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J Nanobiotechnology. 2017 Apr 7;15(1):27. doi: 10.1186/s12951-017-0263-8.

Biodistribution of arctigenin-loaded nanoparticles designed for multimodal imaging.

Author information

1
College of Pharmacy, State Key Laboratory of Medicinal Chemical Biology, Nankai University, Tianjin, 300071, People's Republic of China.
2
State Key Laboratory of Medicinal Chemical Biology, College of Life Science, Nankai University, Tianjin, 300071, China.
3
Tianjin Key Laboratory of Tumor Microenvironment and Neurovascular Regulation, Department of Physiology, School of Medicine, Nankai University, Tianjin, 300071, China.
4
State Key Laboratory of Medicinal Chemical Biology, College of Life Science, Nankai University, Tianjin, 300071, China. xzfeng@nankai.edu.cn.
5
College of Pharmacy, State Key Laboratory of Medicinal Chemical Biology, Nankai University, Tianjin, 300071, People's Republic of China. gangbai@nankai.edu.cn.

Abstract

BACKGROUND:

Tracking targets of natural products is one of the most challenging issues in fields ranging from pharmacognosy to biomedicine. It is widely recognized that the biocompatible nanoparticle (NP) could function as a "key" that opens the target "lock".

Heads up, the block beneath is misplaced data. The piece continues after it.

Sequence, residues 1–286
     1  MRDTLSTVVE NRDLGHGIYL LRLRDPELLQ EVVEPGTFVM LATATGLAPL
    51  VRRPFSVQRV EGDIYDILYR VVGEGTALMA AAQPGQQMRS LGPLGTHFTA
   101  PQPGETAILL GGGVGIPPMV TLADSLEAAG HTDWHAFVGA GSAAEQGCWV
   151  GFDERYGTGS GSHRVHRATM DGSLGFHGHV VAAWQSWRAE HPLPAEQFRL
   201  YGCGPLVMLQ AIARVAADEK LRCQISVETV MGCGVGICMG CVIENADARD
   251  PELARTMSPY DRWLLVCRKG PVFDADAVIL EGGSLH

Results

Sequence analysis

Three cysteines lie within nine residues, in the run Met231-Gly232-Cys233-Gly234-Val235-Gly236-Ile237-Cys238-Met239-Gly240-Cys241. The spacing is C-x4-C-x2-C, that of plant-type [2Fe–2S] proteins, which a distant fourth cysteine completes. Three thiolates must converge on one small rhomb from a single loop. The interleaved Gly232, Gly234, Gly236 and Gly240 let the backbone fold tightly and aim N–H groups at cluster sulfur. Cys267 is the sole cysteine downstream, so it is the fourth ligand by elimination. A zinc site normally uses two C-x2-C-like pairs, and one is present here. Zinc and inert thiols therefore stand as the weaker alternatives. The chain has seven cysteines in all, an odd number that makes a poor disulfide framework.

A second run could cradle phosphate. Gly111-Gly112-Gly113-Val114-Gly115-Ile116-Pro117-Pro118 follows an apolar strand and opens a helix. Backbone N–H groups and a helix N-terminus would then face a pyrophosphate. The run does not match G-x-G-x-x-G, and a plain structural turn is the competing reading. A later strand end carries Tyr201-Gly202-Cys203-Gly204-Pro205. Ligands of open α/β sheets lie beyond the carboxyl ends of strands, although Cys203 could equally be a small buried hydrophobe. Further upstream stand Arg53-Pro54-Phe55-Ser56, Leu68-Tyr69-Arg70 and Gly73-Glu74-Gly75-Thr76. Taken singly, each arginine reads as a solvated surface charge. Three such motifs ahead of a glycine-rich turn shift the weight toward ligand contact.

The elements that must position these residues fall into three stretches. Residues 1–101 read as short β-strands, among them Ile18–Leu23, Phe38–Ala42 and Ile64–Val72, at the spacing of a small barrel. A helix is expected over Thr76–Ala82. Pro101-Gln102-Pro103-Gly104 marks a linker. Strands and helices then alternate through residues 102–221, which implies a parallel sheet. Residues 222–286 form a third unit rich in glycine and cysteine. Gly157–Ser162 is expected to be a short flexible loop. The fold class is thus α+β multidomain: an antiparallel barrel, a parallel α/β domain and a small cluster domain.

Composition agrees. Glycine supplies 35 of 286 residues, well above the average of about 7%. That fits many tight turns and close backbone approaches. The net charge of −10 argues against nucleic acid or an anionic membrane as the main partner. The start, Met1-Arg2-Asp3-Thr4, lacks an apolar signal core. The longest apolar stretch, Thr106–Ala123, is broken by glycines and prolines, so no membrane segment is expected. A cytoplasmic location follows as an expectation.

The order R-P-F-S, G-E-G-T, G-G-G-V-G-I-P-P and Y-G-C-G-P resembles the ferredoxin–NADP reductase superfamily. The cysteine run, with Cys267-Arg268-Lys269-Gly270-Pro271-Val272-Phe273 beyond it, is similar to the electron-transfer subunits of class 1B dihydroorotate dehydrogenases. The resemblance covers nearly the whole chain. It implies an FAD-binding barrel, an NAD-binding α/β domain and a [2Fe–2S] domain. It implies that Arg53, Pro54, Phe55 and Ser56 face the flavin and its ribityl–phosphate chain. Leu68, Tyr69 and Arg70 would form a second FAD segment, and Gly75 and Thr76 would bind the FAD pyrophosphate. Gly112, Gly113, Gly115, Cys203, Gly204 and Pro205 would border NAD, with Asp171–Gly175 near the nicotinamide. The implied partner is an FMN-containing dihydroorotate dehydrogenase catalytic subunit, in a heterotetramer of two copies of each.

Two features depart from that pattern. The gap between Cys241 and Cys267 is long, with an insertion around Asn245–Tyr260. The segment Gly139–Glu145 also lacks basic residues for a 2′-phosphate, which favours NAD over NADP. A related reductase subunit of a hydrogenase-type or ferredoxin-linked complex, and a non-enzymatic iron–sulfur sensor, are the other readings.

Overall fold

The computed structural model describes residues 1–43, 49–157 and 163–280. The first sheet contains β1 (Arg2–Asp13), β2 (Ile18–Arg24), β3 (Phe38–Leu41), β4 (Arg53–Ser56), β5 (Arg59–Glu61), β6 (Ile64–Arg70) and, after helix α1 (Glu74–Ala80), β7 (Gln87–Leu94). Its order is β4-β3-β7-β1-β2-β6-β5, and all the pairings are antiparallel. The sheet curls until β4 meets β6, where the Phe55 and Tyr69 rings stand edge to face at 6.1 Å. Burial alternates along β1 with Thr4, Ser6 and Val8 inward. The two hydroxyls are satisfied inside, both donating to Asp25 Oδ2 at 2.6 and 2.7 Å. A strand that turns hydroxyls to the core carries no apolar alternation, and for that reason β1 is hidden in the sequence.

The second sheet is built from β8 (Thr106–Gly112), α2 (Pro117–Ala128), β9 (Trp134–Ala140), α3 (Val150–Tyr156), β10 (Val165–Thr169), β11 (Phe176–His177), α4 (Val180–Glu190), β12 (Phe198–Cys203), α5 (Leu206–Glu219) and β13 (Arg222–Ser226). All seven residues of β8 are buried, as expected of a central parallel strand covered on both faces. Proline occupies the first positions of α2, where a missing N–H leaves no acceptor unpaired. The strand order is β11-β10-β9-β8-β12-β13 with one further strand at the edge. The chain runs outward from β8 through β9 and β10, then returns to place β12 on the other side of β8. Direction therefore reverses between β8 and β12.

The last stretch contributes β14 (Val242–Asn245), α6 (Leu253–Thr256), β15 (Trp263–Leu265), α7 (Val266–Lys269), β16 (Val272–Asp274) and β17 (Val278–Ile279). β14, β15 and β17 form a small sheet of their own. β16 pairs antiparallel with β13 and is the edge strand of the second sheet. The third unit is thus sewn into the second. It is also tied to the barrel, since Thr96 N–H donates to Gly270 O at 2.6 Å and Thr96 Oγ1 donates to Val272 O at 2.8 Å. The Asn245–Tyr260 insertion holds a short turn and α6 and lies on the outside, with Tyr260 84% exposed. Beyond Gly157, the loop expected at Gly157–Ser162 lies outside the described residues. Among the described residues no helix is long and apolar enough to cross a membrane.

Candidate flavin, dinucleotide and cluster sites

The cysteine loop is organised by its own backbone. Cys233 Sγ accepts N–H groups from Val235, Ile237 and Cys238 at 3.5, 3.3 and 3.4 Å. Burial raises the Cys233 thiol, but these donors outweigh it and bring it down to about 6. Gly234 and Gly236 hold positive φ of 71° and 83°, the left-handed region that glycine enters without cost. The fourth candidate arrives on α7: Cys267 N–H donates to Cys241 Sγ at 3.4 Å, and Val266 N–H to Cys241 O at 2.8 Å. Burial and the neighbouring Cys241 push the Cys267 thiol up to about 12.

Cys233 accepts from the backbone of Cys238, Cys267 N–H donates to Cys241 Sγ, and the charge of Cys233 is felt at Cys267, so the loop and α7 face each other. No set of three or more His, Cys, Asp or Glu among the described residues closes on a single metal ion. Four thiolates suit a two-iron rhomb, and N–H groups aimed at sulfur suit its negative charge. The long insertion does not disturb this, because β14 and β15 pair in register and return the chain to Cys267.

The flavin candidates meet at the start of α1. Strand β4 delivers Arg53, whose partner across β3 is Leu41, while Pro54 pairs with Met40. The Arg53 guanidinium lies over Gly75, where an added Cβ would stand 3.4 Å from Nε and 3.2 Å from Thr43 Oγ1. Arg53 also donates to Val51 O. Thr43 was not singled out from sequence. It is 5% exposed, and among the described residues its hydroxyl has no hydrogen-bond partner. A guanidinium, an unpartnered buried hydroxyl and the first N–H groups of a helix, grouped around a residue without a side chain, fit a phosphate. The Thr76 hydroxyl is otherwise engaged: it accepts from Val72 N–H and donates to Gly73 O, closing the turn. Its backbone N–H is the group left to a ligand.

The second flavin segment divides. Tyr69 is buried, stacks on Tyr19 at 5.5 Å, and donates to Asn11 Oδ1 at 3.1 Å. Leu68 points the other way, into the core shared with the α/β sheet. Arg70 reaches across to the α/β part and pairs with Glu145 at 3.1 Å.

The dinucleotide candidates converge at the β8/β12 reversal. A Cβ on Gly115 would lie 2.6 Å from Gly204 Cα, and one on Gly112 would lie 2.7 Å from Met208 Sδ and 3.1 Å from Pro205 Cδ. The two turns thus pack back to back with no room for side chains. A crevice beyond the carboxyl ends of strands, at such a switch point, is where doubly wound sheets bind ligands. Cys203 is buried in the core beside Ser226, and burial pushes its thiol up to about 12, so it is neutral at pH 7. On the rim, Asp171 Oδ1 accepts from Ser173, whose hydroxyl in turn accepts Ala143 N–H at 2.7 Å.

RESULTS:

We report a functionalized poly-lysine NP technique that can monitor the target protein of arctigenin (ATG) in vivo non-invasively. The NPs were synthesized, and their morphologies and surface chemical properties were characterized by transmission electron microscopy (TEM), laser particle size analysis and atomic force microscopy (AFM). In addition, we studied the localization of ATG at the level of the cell and the whole animal (zebrafish and mice). We demonstrated that fluorescent NPs could be ideal carriers in the development of a feasible method for target identification. The distributions of the target proteins were found to be consistent with the pharmacological action of ATG at the cellular and whole-organism levels.

CONCLUSIONS:

The results indicated that functionalized poly-lysine NPs could be valuable in the multimodal imaging of arctigenin.

KEYWORDS:

Arctigenin; Localization; Nanoparticles; Self-assembly; Target identification

PMID:
28388905
PMCID:
PMC5383946
DOI:
10.1186/s12951-017-0263-8
[Indexed for MEDLINE]
Free PMC Article

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